Your Content Is Likely Training AI

If you create and share content online, it’s probably being used to train generative AI models. Even if you delete your ChatGPT account or opt out of data usage, your social media posts and other online content are likely still in the mix. For instance, in September 2023, X (formerly Twitter) announced they would use user posts to train AI. Similarly, Meta has trained its AI assistant on public Facebook and Instagram posts. Although Meta allows you to delete your personal data from their models, not all platforms provide this option. The policies of Snapchat and TikTok remain unclear, and there’s no standardized opt-out system in place.

Some platforms, like Medium, are engaging users in discussions about AI usage policies. However, this proactive approach is rare. Generally, it’s safe to assume that your online content is being used to train generative AI.

Shielding Your Content from AI Scraping

Your website, whether personal or business-related, might be the last defense against generative AI scraping. While completely blocking AI from accessing your content isn’t foolproof, here are some strategies to limit their reach.

Understanding Crawlers and Robots.txt

Bots, spiders, and crawlers are programs that collect information from web pages. The robots.txt file, hosted at the root of your domain (e.g.,, contains rules that guide these bots on what they can and cannot crawl. It’s important to note that adherence to these rules is voluntary.

To block all content from being crawled, add the following directive to your robots.txt file:

Disallow: /

For more targeted blocking, you can specify rules for individual bots using their user-agents.

User-Agents and Blocking Specific Bots

A user-agent identifies different types of software and bots. By specifying directives for generative AI user-agents in your robots.txt file, you can block many of them. Here are some examples:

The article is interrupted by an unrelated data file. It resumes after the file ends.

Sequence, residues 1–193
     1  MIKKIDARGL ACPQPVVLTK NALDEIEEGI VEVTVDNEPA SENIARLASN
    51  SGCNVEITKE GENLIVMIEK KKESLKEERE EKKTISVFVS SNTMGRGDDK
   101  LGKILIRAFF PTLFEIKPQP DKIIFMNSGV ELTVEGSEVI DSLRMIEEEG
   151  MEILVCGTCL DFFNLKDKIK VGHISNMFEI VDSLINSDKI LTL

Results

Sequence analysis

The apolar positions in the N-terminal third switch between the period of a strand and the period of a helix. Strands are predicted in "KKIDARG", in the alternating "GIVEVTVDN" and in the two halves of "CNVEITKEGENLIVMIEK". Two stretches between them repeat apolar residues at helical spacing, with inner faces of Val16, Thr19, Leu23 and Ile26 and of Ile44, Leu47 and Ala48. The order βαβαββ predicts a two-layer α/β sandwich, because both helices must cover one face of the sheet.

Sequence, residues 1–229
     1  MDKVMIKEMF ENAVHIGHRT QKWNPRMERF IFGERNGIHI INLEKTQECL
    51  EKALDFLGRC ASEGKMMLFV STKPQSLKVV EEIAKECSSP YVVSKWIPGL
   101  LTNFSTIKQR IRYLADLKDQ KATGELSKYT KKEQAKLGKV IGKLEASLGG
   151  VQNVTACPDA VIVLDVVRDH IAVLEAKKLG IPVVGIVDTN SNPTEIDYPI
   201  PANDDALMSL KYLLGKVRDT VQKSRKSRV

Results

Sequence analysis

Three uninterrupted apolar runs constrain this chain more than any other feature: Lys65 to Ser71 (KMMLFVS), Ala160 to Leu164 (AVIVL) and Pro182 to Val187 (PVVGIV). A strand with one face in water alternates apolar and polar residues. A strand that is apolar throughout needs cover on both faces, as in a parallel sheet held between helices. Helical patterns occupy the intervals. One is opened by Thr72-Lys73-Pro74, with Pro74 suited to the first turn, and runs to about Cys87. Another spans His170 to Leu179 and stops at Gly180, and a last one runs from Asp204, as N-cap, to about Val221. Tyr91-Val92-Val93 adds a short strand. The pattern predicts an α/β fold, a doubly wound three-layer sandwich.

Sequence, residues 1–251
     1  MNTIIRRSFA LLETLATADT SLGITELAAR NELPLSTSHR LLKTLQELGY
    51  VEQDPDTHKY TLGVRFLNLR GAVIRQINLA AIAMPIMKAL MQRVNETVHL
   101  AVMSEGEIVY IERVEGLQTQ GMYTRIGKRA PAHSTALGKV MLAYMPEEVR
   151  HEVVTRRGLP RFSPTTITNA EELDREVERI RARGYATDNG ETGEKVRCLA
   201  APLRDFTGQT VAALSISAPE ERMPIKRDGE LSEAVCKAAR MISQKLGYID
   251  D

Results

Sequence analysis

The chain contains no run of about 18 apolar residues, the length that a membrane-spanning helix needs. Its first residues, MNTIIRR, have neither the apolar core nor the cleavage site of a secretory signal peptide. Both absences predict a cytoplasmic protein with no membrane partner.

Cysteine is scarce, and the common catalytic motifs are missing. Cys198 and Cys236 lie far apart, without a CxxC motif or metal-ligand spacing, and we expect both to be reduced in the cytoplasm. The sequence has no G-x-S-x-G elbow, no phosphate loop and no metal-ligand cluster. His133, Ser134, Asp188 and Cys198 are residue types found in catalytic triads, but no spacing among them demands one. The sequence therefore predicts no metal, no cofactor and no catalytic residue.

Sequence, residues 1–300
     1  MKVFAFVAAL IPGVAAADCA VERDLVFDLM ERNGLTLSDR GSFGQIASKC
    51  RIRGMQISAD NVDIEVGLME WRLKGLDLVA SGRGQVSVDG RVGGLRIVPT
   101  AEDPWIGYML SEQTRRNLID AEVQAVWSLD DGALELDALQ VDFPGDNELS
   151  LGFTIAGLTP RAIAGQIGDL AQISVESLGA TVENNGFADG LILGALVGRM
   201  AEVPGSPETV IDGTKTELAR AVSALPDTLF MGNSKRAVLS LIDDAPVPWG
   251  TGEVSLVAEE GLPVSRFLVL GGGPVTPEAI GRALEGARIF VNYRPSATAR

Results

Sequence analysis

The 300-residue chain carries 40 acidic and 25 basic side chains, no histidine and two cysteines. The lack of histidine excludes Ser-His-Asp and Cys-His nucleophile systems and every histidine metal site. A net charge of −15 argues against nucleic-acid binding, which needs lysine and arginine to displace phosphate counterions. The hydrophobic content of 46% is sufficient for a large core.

User-agent: GPTBot
Disallow: /

Google Bard and Vertex AI:

User-agent: Google-Extended
Disallow: /

Google SGE:
Blocking Google Search Generative Experience (SGE) requires blocking Googlebot entirely, as they share the same user-agent. You can use the nosnippet meta tag to prevent Google from displaying your content in SGE results, but this also stops text snippets or video previews in search results:

<meta name="robots" content="nosnippet">

Blocking Bing Chat

To block Bing Chat from using your content, use meta tags instead of robots.txt directives:

<meta name="robots" content="nocache">

This limits Bing Chat to only displaying the page URL, snippet, or title. To prevent Bing Chat from using the page in its training data entirely, use:

<meta name="robots" content="noarchive">

Leveraging CDNs

Content Distribution Networks (CDNs) like Cloudflare and Akamai offer bot detection tools that can help in blocking generative AI crawlers. While they aren’t currently blocking the user-agents mentioned above, customer demand might change this in the future.


While you can’t completely prevent your content from being used to train AI models, you can take steps to limit it. Using robots.txt directives and meta tags can help protect your website content from many generative AI tools. Google SGE remains a challenge, but future accommodations might provide better control for webmasters.